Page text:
Melbourne, Australia: SNAICC – National Voice for our Children, Australia’s national peak body representing Aboriginal and Torres Strait Islander children, is deeply troubled by the increased numbers of Indigenous children in out-of-home-care revealed in today’s Report on Government Services (RoGS).
Aboriginal and Torres Strait Islander children are now 9.8 times more likely to be removed by child protection authorities and placed in out-of-home care than their non-Indigenous peers (increasing from 9.5 times in the previous reporting period).
In only one year, the number of Aboriginal and Torres Strait Islander children in out-of-home care has increased from 15,455 to 16,846 (at 30 June 2016), which means Indigenous children now represent 36.3 per cent of all children in statutory out-of-home care (up from 35 per cent in the previous reporting period).
In this, the 20th anniversary of the release of the Bringing them Home Report, this represents an almost 500 per cent increase in the number of Aboriginal and Torres Strait Islander children in out-of-home care since that report was released 20 years ago.
Furthermore, there has been a disappointing drop (from 65.9 per cent to 64.9 per cent) in the percentage of Aboriginal and Torres Strait Islander children placed with Aboriginal or Torres Strait Islander kin or other family members, or other Aboriginal or Torres Strait Islander carers. This is despite the Aboriginal and Torres Strait Islander Child Placement Principle (ATSICPP) being enshrined in the legislation and policy of every state and territory jurisdiction nationally – showing the need for further implementation and accountability across the country.
While total expenditure on child protection related services increased 7.7 per cent (to $4.8 billion nationally), still only 17 per cent of this was spent on prevention and early intervention focused family support services. In 2009 all Australian governments agreed on a National Framework for Protecting Australia’s Children 2009-2020 that called for investment to be increasingly directed to prevention. Year after year our governments fail to deliver on this commitment.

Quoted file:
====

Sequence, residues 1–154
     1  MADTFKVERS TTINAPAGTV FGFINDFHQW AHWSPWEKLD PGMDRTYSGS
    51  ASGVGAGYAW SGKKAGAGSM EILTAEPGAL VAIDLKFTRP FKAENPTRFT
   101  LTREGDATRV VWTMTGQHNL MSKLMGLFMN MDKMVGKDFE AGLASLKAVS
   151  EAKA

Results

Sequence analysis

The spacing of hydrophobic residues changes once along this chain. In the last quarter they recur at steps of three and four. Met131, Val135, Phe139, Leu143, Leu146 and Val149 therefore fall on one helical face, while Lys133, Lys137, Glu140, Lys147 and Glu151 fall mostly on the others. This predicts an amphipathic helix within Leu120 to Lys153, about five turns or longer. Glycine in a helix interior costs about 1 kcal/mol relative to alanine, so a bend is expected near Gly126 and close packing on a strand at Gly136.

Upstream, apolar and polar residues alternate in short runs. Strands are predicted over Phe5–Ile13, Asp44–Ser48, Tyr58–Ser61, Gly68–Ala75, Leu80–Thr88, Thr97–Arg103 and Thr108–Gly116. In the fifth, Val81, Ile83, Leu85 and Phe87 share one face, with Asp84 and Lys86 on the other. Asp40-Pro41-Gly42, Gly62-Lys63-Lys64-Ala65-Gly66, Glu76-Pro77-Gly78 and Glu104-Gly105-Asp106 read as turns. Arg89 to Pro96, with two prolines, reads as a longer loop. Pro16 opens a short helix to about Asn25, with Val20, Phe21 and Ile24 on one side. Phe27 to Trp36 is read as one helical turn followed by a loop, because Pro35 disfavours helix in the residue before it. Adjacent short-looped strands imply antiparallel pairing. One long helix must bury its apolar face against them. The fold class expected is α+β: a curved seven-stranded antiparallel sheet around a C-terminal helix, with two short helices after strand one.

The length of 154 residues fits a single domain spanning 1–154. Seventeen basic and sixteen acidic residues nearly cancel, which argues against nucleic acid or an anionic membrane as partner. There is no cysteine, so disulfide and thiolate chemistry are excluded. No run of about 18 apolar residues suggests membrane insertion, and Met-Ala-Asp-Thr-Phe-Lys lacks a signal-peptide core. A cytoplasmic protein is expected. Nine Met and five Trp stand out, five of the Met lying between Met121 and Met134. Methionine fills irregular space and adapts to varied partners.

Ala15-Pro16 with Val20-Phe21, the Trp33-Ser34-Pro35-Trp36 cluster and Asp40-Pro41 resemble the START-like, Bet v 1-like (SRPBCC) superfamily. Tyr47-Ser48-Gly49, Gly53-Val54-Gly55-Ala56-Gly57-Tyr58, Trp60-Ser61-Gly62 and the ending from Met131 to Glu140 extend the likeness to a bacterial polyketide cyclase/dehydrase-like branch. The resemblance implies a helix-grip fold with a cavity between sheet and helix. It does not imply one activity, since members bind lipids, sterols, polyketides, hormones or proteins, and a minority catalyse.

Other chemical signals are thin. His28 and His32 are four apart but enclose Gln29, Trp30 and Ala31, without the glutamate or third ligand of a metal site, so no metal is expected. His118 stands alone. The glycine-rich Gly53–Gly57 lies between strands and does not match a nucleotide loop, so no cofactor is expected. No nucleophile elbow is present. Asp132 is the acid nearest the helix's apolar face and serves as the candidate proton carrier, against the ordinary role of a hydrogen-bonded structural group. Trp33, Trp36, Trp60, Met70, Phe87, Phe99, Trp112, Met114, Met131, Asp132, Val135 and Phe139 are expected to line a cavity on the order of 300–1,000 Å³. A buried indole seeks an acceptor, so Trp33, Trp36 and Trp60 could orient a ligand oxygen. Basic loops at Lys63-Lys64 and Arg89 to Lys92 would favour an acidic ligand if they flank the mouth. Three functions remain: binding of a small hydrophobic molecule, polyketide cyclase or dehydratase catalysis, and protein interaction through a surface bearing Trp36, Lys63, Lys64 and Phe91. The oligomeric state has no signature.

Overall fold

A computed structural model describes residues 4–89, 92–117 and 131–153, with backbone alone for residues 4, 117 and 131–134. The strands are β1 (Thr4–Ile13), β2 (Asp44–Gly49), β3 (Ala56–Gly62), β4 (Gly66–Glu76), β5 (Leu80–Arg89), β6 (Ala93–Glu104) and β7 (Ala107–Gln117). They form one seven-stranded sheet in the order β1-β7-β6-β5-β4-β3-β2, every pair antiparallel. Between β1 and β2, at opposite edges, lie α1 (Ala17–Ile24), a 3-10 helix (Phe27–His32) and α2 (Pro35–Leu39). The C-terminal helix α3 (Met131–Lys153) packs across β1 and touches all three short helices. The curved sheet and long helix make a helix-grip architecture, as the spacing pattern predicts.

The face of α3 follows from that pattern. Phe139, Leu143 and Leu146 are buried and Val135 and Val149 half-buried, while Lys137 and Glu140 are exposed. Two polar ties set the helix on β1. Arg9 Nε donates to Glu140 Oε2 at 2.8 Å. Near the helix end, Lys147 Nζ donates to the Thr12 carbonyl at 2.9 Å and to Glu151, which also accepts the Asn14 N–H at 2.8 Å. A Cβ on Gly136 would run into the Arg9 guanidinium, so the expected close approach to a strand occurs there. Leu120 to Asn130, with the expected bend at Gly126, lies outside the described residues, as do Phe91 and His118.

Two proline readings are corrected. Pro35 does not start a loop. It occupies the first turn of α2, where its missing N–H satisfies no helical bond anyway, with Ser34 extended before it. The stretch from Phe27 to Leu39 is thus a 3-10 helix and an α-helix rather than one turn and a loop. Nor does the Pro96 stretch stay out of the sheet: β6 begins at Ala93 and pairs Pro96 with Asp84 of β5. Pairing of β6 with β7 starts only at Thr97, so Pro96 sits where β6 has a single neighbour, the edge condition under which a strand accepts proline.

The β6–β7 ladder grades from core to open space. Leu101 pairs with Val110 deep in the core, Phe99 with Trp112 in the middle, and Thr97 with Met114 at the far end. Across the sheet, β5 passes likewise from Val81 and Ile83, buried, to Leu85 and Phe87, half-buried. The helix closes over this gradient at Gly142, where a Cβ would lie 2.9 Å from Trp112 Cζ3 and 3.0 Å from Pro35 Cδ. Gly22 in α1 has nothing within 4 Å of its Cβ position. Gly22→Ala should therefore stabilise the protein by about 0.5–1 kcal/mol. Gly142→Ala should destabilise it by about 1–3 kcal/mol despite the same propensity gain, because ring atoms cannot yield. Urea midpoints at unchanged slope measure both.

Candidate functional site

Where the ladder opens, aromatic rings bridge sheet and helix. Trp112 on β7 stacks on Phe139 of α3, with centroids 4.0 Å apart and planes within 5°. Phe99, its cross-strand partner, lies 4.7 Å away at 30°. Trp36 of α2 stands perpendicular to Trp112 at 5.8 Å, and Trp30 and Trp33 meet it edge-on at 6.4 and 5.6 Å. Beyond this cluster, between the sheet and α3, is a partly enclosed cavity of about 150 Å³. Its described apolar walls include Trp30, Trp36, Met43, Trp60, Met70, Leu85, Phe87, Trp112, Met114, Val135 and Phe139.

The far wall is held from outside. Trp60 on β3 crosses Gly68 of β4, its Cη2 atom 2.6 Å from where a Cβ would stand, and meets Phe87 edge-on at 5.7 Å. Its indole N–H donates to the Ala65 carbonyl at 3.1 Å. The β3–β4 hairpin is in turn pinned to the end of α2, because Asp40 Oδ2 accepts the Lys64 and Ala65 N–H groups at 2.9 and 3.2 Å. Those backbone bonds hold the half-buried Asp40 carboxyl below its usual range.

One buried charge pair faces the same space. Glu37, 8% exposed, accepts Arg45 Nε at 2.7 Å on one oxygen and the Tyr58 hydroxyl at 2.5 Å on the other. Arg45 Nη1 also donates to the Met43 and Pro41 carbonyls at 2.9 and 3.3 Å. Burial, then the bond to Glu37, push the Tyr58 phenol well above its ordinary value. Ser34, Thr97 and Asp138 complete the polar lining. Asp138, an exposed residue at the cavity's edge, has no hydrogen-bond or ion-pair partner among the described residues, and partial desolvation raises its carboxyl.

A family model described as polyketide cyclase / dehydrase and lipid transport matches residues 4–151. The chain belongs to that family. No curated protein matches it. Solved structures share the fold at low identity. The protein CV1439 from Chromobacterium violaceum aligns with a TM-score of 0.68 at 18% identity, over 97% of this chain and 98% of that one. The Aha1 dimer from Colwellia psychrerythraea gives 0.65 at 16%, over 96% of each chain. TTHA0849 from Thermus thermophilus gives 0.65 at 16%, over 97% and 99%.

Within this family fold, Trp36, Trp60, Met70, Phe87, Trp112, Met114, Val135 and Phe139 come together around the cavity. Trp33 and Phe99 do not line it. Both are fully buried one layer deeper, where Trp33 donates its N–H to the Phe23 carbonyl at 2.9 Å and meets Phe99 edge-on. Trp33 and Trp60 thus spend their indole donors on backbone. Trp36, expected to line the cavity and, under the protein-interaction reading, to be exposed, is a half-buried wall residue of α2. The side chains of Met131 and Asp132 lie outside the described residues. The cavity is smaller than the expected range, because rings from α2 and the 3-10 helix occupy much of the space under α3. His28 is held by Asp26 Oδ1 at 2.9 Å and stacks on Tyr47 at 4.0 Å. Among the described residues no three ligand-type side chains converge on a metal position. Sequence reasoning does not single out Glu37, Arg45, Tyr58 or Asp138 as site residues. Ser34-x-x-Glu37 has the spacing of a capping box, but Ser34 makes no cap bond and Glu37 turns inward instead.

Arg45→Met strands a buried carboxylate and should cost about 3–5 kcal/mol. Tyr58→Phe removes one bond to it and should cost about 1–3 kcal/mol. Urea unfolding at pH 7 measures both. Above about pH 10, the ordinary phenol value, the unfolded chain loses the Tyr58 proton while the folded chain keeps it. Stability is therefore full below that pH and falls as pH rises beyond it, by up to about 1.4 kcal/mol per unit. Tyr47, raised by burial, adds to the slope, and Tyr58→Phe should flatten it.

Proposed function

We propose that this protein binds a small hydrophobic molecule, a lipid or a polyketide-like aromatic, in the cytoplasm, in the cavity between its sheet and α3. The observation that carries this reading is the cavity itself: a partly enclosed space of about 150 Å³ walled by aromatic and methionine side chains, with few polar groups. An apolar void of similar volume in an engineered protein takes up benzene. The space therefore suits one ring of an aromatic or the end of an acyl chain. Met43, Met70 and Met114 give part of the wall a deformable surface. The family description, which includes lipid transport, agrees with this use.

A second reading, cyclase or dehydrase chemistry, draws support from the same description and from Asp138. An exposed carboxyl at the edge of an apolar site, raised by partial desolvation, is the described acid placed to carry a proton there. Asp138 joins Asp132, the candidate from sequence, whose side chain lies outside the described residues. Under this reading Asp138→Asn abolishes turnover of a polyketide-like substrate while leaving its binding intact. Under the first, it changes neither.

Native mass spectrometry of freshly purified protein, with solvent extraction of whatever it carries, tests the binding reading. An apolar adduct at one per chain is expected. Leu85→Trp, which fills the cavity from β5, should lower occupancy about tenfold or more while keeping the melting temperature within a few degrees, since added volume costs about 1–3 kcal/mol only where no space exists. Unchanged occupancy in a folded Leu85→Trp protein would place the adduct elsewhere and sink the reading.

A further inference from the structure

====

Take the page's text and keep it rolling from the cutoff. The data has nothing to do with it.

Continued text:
SNAICC CEO Gerry Moore is disappointed by the poor results for Aboriginal and Torres Strait Islander children continually reflected in this report each year:
The continued lack of targeted investment in early intervention and preventative measures is evidence that Australia’s child protection system is truly broken.
“There is now a dire need for action to address this national crisis – all governments must commit to addressing this over-representation of our kids in out-of-home care. The Family Matters campaign – backed by hundreds of organisations Australia-wide – has the solutions: first and foremost, a COAG target to address this over-representation, and a national program for preservation and reunification, now we just need governments to listen and take action.”
– Gerry Moore, SNAICC CEO